The first official meeting of the steering committee of The Center for Family Justice’s White Ribbon Campaign (WRC) took place last week, with a core group of a dozen men working together to end violence against women.
To succeed and spread the word to men and boys in the communities The Center services – Bridgeport, Easton, Fairfield, Monroe, Stratford and Trumbull – the committee decided to focus on a few strategies:
- To attract more men to the committee, to not only spread the word that violence must stop but to organize annual community events such as Walk A Mile In Her Shoes that takes place each spring in Fairfield.
- To speak in schools, faith-based organizations and men’s clubs about the WRC.
- To train men about the importance of bystander intervention, so when they see a man acting inappropriately toward a women they know the words to use to intervene.
- To support the enforcement of domestic violence.
The group is chaired by Fairfield Police Chief Gary MacNamara and includes: Raymond Baldwin, President/CEO St. Vincent’s Special Needs; John Brannelly, Chief Development and Communications Officer of The Center; Bridgeport Mayor Bill Finch; Bridgeport Police Chief Joseph Gaudette; Robert Hojnacki of Patriot National Bank; Dale Holder, Council of Churches, Director of Youth Programs; Trumbull Police Chief Michael Lombardo; Todd Pelazza, Director of Public Safety at Fairfield University; Bruce Silverstone, Vice President of Corporate Communications at Aquarion Water Company; Robert Vass, University of Bridgeport; and from The Center, Mark Antonini, Chief Financial Officer; John Brannelly, Chief Development and Communications Officer; and Marlon Ramnanan, Community Educator.
Each man who joins WRC signs a pledge that he will not condone violence against women. And they are asked to think about – and try to incorporate – seven behaviors identified by the International White Ribbon Campaign Committee to help end gender-based violence and promote gender equity, healthy relationships and positive ideals of masculinity:
- Think about the kind of man you want to be. Be true to yourself.
- Never use force, threats, or violence in your relationships with others.
- Wear a white ribbon and speak out against violence against women.
- Be a good role model and share with those around you the importance of respecting women and girls.
- Learn about the impact of violence against women in our communities.
- Challenge and speak out against hurtful language, sexist jokes and bullying.
- Accept your role as a guy in helping end violence against women. It affects everyone.
The WRC began as an outcry to the Dec. 6, 1989 killing of 14 women students at the Ecole Polytechnique in Montreal, Canada, by gunman Marc Lepine who claimed he was “fighting feminism.” Because of the massacre, a handful of men in Canada formed the WRC because they felt they had a responsibility to urge men to speak out about violence against women. Today, there are WRCs in more than 55 countries.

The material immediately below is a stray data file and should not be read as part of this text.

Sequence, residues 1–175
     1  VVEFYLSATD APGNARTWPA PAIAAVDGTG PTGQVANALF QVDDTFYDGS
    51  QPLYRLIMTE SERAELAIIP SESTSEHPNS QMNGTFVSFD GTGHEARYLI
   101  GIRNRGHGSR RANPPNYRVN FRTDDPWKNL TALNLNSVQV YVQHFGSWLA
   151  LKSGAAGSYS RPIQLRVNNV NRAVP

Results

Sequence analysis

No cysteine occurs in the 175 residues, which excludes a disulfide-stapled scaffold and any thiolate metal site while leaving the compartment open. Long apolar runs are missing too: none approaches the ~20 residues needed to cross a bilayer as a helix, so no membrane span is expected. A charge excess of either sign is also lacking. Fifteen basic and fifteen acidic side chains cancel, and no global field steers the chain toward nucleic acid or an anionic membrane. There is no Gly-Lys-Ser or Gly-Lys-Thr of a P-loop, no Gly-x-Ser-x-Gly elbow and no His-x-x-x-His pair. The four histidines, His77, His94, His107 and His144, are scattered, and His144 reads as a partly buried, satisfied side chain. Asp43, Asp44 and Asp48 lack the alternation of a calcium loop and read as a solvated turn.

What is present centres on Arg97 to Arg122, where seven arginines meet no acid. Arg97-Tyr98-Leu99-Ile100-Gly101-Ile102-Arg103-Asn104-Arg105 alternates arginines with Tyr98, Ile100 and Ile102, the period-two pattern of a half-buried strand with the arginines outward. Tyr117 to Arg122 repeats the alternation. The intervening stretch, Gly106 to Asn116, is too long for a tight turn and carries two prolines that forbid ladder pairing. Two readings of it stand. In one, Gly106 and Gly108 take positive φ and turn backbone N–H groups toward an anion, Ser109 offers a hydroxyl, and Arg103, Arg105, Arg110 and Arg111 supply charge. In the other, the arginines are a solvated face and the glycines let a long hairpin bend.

If you would like more information about The Center’s WRC chapter, please contact Debra Greenwood, President/CEO of The Center at 203-334-6154, or dgreenwood@CenterForFamilyJustice.org with the words White Ribbon Campaign in the subject line.
ABOUT THE CENTER FOR FAMILY JUSTICE
The Center for Family Justice Inc. (formerly The Center for Women and Families of Eastern Fairfield County Inc.), brings all domestic, sexual and child abuse services – crisis intervention, police, prosecutors, civil/legal providers, counseling – under one roof, in our headquarters in Bridgeport, CT. Together, we work to break the cycle of violence by helping those in crisis restore their lives. Although our name has changed, we continue with the work we have provided for 12 decades, providing free, confidential, bilingual crisis services in Bridgeport, Easton, Fairfield, Monroe, Stratford and Trumbull. It is the comprehensive services our partners are providing that are streamlining the road to healing and self-sufficiency.
Within the past year, The Center answered more than 950 calls on a 24-hour crisis hotline; assisted with the civil and criminal court processes for more than 2,500 survivors of domestic violence; responded to more than 500 survivors of sexual assault and their families; provided a safe home for more than 100 women and children fleeing domestic abuse; coordinated the investigations of more than 170 cases of child sexual and severe physical abuse, developing service plans for the young survivors and their families; and provided psycho-educational support to more than 1,200 survivors of domestic violence, planning for their safety and promoting self-sufficiency.
As part of our mission, The Center educates approximately 4,000 members of the community about the issues of domestic violence, sexual assault and child abuse to prevent future violence and spread the word that about the services we offer at The Center for Family Justice. Annually, we teach more than 2,000 children and teens about building healthy relationships, bullying prevention and dating violence.
For more information, visit www.CenterForFamilyJustice.org
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